Charlie Caruso

Charlie Caruso

Citizen Journalist and author/editor of Understanding Y, who obsesses over the idea of re-engineering the political system, Charlie was head of global growth for MiVote, is an avid #auspol Tweeter and passionate about political disruption and improving the way we make decisions in Australia. "Right now, we’re all on a plane, and we've realised the pilot is drunk. The election is our opportunity to get the drunk pilot out of the cockpit and hand over to one that’s flown the plane before and can get us down safely," she said.
Charlie Caruso
What I am REALLY interested in is re-engineering a new kind of plane that doesn't allow drunk pilots to even get into the cockpit. One that requires a new kind of pilot, new kind of pilot training, more fuel efficient and goes longer, feels better etc. You’ll hear a lot from me on this, once #ausvotes2019 is over. Disclaimer - I’ve been a member of the Liberals, Labor, Greens, and have preferenced the Independents and minor/micro parties almost exclusively. I don’t see political colours, but I keep an eye on the actions and try to fight against the dysfunction across the political rainbow.

Welcome to the second episode of the No Fibs Podcast series, following the previously condensed version of this podcast. It includes long-form, un-cut interviews with WA Greens Senator Jordon Steele-John, director of the Flux Party Daithí Ó Gliasáin, and Felicity Ruby.

More commonly referred to as the AABill, the Assistance and Access Bill (2018) was a piece of legislation that not only shocked the Australian tech and startup industries and those concerned about protecting our privacy rights, it pissed off major companies around the world.

To sum it up really haphazardly, it’s a Bill that forces access into any Australian encryption communication service — it forces a ‘back door’ to our communications, so to speak — and it allows security agencies to force that ‘back door’ open without anyone even knowing it happened.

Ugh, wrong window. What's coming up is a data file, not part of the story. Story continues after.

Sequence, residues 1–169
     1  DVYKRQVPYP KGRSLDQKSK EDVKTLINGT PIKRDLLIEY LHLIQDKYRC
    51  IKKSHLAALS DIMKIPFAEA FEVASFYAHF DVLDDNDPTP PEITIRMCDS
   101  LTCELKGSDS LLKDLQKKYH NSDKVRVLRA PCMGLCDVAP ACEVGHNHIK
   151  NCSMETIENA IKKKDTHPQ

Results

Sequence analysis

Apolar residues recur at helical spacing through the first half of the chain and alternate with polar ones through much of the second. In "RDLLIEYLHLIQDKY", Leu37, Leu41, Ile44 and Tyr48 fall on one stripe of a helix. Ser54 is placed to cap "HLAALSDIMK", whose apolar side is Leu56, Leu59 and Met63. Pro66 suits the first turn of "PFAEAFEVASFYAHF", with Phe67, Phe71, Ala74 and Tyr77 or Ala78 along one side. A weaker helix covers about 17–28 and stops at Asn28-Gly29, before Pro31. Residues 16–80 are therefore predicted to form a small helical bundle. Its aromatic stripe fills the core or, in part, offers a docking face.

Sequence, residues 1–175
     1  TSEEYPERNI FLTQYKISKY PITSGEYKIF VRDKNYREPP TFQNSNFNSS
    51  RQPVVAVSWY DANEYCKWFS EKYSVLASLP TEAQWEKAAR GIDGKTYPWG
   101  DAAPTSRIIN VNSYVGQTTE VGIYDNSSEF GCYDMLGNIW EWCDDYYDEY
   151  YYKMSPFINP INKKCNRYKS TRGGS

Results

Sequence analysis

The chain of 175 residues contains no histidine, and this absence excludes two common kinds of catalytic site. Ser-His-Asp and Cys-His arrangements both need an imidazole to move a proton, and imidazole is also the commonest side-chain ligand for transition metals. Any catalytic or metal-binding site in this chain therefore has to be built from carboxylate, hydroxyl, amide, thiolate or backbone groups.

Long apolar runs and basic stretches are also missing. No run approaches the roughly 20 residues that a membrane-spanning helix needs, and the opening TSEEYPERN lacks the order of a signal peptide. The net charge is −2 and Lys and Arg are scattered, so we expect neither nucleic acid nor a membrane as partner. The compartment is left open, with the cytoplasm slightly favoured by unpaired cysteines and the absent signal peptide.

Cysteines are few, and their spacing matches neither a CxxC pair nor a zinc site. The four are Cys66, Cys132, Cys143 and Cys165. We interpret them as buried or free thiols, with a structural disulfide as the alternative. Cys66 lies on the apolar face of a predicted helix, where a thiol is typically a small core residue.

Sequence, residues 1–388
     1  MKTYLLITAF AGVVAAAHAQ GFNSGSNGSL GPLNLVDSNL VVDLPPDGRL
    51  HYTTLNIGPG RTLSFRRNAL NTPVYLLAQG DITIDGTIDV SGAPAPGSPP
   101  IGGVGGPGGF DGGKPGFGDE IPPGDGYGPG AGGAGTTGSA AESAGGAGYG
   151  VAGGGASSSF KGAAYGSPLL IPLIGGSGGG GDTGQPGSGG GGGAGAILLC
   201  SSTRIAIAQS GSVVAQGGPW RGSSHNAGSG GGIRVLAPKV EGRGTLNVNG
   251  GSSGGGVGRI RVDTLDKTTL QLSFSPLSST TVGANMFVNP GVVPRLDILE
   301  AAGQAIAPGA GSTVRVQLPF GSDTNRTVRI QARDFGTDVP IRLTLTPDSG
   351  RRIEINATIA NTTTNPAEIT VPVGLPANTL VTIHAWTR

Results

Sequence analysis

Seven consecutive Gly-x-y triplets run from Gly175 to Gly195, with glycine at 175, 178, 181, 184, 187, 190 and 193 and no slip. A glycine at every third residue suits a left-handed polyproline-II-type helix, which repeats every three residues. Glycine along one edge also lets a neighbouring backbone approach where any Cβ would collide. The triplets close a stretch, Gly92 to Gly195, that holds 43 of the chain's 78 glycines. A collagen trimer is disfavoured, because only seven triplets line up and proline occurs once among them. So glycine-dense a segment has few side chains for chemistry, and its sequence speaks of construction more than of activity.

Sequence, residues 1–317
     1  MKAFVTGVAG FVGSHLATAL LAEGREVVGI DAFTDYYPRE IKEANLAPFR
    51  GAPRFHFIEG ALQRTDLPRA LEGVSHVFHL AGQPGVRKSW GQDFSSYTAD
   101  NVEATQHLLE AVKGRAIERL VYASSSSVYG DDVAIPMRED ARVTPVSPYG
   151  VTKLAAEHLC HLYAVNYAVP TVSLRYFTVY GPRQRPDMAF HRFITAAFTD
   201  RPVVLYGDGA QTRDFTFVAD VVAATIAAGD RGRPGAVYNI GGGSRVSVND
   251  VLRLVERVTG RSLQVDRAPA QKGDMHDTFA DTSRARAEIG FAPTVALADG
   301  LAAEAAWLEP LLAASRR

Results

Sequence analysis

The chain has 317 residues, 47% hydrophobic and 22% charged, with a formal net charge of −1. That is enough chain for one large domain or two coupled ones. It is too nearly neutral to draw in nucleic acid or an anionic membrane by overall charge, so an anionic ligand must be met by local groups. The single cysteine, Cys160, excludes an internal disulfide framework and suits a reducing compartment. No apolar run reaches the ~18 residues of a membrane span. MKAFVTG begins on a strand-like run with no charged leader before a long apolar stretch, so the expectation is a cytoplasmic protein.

It’s like they’ve granted themselves permission to force their way into our private lives without a warrant and the right to sue or jail those who either don’t comply or publicly announce that they’ve been made to force the door open. As we’ll explore in this podcast, the Bill significantly impairs the Australian tech industry, and encroaches on what should be a basic human right to communicate privately.

I feel this Bill is important one to start this podcast series with because it provides a great example that the Labor Party is equally vulnerable to passing bad policies that have skipped key due diligence and governance protocols. While many feel the existing government has a questionable record in this space, Labor isn’t immune to supporting damaging legislation.

Labor ministers were quoted stating that the:

“…decision makes a mockery of the exposure draft process, and suggests the ‘consultation’ run by the government was nothing more than a sham.”

Yet federal Labor voted for it, and if it hadn’t, the Bill wouldn’t have passed. So I’m equally pissed at both parties and I believe more Australians need to be made aware of not only the dangers of this Bill, but also reflect on who voted for it and what that can tell us about those willing to vote in favour of poorly-formed legislation.

My perspective is that Labor were gutless, but the Libs were unscrupulous.